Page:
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Friday, June 30, 2006

List of Travel Books


A list of popular travel books.

Link via MobiBlog.

Related:
- Maximum City—Bombay Lost and Found is an interesting read. It isn't exactly a travel book, however it may be taken as a Citylogue, a description of life in Bombay, as seen from the eyes of a cross-section of people, more so, from the ones on the fringe of society and their life and times in the melting pot that is the city of Bombay.

U.S.-returned author, Suketu Mehta's Maximum City is his view of life in Bombay as seen from his interaction with a cross section of Bombay's society. It is a window to the 'Zeitgeist'* of the city with stories about people in politics, religion, underworld (Mafia), Bollywood, cricket, and all the things that make Bombay what it is. A city of dreams and the melting pot of India.

To borrow from Frank Sinatra's popular song and change New York to Bombay, "Bombay, Bombay, if you can make it there, you can make it anywhere."

Read the book if you have an afternoon to spare.

* Zeitgeist - The general cultural, education, intellectual, and moral outlook of an era. In this context, it would be of the city.

- Again, this isn't a travel book, but is related to adventures and worth mentioning as a related read.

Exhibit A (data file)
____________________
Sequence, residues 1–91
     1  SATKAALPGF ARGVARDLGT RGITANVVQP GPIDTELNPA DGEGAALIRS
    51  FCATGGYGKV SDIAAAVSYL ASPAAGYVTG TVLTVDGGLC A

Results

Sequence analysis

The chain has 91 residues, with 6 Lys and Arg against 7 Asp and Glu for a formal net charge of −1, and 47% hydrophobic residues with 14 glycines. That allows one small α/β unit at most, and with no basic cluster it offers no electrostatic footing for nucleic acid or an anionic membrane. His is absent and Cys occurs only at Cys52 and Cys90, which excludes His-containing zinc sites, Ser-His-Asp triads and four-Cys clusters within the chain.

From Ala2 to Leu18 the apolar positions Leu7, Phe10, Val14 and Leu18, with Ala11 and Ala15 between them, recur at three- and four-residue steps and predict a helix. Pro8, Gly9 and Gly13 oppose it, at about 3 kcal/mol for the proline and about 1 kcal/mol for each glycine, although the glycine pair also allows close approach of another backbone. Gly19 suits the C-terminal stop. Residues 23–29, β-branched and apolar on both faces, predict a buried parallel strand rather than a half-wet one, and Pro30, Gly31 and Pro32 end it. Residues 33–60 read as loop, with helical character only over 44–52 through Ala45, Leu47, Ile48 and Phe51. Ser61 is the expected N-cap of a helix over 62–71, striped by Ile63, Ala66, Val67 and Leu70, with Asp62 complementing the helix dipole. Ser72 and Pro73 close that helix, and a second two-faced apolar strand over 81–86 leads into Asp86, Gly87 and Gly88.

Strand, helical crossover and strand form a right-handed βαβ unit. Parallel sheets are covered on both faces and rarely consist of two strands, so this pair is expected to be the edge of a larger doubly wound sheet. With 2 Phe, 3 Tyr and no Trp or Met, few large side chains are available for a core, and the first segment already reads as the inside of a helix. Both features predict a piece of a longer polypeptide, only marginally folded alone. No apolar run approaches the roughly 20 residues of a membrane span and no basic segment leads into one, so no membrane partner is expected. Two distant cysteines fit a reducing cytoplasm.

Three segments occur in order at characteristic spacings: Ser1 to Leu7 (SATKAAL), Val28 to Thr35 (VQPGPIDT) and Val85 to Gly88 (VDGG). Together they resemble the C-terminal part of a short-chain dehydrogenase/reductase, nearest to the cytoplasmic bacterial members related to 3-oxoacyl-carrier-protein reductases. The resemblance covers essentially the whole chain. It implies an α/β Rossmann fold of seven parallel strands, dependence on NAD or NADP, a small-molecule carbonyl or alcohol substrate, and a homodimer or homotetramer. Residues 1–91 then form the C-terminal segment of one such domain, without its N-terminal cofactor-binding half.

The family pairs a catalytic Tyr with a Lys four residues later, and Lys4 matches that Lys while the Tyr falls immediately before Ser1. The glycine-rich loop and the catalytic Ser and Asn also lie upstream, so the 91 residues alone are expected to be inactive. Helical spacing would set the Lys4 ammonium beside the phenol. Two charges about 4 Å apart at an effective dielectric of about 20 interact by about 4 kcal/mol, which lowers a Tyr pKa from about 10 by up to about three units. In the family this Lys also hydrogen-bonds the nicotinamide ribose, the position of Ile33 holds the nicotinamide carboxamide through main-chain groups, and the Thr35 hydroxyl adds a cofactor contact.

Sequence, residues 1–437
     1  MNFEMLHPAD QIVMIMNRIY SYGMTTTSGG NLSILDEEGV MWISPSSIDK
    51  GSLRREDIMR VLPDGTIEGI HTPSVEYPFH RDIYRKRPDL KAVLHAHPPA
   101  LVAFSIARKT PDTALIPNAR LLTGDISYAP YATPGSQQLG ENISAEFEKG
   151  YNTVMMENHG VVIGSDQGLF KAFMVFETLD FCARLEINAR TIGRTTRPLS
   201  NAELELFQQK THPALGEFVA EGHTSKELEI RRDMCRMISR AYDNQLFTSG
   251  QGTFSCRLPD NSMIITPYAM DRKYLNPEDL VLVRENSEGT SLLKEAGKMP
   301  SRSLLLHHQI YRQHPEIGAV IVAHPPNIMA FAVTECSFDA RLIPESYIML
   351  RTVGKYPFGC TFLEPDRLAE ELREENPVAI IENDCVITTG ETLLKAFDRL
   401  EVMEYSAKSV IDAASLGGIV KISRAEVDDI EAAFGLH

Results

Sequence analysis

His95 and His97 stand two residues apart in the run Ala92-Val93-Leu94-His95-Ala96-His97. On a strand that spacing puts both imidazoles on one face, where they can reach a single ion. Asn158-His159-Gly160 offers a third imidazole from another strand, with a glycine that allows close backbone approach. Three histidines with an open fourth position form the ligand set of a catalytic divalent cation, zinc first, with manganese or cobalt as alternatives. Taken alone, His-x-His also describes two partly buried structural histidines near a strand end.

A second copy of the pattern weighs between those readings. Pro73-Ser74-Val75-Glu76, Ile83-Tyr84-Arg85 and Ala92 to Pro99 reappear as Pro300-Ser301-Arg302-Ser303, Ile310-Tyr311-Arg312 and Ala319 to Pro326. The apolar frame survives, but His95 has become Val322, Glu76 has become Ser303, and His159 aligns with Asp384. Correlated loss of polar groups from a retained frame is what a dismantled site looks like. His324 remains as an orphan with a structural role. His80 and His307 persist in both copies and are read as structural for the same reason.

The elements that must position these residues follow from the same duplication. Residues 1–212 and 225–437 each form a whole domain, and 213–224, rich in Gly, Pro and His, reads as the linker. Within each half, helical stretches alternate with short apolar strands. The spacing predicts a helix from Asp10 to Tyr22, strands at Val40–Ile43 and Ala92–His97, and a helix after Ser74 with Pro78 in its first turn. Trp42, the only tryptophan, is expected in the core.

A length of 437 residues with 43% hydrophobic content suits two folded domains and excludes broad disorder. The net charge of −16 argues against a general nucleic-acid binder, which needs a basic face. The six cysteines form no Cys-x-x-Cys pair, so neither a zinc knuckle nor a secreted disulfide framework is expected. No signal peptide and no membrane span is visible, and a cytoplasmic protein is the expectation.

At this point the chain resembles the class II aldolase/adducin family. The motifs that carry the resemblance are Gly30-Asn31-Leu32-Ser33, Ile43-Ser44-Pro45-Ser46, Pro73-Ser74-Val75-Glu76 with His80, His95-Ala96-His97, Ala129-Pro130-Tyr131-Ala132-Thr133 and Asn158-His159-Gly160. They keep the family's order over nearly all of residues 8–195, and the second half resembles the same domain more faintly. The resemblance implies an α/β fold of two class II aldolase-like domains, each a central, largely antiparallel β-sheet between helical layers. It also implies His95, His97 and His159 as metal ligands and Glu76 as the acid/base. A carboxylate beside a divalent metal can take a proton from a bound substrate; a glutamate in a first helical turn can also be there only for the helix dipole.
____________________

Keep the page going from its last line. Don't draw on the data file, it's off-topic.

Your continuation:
Khaled Husseini's 'The Kite Runner', a literal translation in Hindi would be 'Patang Pakadnewala'—one who runs after and catches a kite after it is cut and falls to the ground.

It is the story of friendship between the author and his servant as kids in Kabul amidst the political and religious turmoil of Afghanistan; the author's journey to California from Kabul, the incidents that make him go back to Afghanistan via the Peshawar and the story that unfolds in Kabul in the time of the Taliban.

There are a couple of lovely lines from an Afghan wedding song in the book, Ahesta Boro Maheman, Ahesta Boro; which means "Go slowly, my lovely moon, go slowly." The next line is "Turn the night to a key and throw it in the well." Beautiful, isn't it?

Another line from the Persian poet Rumi, if I'm not mistaken, that says "How seamless seemed love and then came trouble." These nuggets brighten the book with local flavour.

Any books that you'd like to suggest and share? Let me know. Thanks.